“The Vietnamese American family that opens this novel—three daughters and their mother—are richly brought to life, but the only thing better than meeting and loving those four women was meeting their fierce women ancestors. From contemporary New Orleans to colonial Vietnam, this compelling epic shows us both the big moments that are recorded in textbooks and the quiet moments that are recorded in the human heart. E.M. Tran has crafted an original and unforgettable debut.” –Beth Ann Fennelly, author of Heating & Cooling: 52 Micro-Memoirs
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I asked E.M. two questions about their time as a MFA student at The University of Mississippi, where she graduated from in 2015
1) What was a class that stuck with you (during your time at UM)? What lesson/idea/takeaway did you learn from that class?
One class I always think about is Megan Abbott’s fiction workshop. She never had any qualms about manipulating characters, and she was an expert at creating tension in quiet, simmering ways. Tension can happen in an innocuous look, touch, or breath. She reminded me that conflict doesn’t have to be, and often isn’t, explosive. Conflict is in things unsaid and in small acts that build or fester in the mind of a character. She was always probing into the psychology of our characters and asking us to treat them as fully fleshed human beings who make selfish but not irrational decisions. In addition to guiding my own craft, she also taught us by example how to be a good workshop leader. She had a very gentle way of pointing out the weak parts in a story, and an expert ability to identify what needed revision. But most importantly, she always asked what the writer wanted to do, what their objective was, and workshopped the story from that position. She really did let the story teach her how to read it, and as a practice, also let the story teach her how to workshop it.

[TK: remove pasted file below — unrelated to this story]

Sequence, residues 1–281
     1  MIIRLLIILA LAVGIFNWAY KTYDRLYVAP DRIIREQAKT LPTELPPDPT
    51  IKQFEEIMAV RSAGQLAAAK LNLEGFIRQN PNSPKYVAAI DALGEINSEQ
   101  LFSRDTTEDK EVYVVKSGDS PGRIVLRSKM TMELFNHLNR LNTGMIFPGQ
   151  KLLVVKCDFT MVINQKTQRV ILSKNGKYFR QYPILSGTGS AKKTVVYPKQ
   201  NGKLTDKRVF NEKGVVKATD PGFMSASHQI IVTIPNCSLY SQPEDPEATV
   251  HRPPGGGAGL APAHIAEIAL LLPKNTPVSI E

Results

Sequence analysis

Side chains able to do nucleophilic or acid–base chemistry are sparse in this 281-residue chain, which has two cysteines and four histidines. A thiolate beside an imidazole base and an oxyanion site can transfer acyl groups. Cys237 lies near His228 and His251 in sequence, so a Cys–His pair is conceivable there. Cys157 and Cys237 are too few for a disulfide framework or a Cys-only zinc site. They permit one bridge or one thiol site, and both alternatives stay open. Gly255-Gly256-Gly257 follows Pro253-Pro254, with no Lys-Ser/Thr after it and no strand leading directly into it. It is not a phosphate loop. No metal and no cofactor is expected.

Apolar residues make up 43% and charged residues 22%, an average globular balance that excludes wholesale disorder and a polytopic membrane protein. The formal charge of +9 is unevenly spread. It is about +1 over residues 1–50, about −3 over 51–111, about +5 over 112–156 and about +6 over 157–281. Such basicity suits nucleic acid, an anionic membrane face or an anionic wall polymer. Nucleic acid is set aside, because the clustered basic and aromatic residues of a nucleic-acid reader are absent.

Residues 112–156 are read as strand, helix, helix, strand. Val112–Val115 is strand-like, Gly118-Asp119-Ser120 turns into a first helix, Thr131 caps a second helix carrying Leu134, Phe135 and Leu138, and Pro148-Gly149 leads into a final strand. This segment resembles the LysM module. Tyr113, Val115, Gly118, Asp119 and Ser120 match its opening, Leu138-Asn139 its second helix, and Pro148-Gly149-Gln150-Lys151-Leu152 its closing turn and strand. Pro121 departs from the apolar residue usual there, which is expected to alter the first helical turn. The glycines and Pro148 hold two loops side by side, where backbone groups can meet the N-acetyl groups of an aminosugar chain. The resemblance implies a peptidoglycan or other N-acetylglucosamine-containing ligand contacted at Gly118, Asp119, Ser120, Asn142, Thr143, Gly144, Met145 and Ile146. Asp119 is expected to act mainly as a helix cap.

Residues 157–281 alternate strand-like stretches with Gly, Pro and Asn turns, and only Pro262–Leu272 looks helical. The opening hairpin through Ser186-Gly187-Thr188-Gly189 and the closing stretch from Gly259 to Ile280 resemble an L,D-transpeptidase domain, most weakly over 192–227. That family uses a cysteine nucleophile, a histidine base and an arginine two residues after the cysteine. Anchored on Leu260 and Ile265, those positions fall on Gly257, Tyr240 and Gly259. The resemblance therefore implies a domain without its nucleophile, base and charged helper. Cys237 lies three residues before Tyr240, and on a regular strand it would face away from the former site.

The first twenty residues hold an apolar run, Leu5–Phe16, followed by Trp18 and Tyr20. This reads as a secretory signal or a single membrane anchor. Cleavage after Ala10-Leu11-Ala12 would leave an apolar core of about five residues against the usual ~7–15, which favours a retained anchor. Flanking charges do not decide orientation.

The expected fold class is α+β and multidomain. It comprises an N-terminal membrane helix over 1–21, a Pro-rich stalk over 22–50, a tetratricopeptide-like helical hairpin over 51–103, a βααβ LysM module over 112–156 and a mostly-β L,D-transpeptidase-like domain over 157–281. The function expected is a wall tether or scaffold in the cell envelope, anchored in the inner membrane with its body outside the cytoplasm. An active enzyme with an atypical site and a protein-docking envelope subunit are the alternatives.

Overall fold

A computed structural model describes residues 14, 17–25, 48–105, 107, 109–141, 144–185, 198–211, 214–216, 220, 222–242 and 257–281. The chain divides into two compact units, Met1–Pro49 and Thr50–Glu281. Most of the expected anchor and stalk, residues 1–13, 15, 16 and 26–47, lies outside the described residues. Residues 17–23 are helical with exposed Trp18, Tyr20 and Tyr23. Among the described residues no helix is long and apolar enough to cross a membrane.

2) What’s something that no one told you that happens after getting your debut book picked up? (more about the work of working with a publisher/ or marketing/or other author life stuff)
There is so much that happens in the production of a book, and everyone’s experience is wildly different depending on if you are with an indie publisher or a Big 5, and even then, that experience varies depending on who your editor is, who your agent is, what imprint you’re with, or how your title is viewed by the parent publisher. This process is like watching everything behind a sheer veil–I can see people behind a curtain doing all kinds of things with my book, and sometimes I get glimpses of what’s happening behind the scenes, but much of it is happening within this giant publishing machine. My editor will sometimes mention, for example, that she’s taking my book to a sales conference, or to the publisher’s “Launch” event, where every imprint presents their titles. I never imagined my book traveling through all these hands and viewed under all these lenses–as literary text, artistic object, as entertainment and commodity. It was important for me to assert artistic ownership over my book, but to also acknowledge its production depends upon dozens of often unseen people.
E. M. Tran writes fiction and creative nonfiction. Her debut novel, DAUGHTERS OF THE NEW YEAR, is forthcoming from Hanover Square Press/HarperCollins. Her stories, essays, and reviews can be found in such places as Joyland Magazine, Prairie Schooner, Harvard Review Online, and more. She has an MFA from University of Mississippi and a PhD from Ohio University, where she studied English and Creative Writing. She is from and currently resides in New Orleans, Louisiana with her husband and two dogs.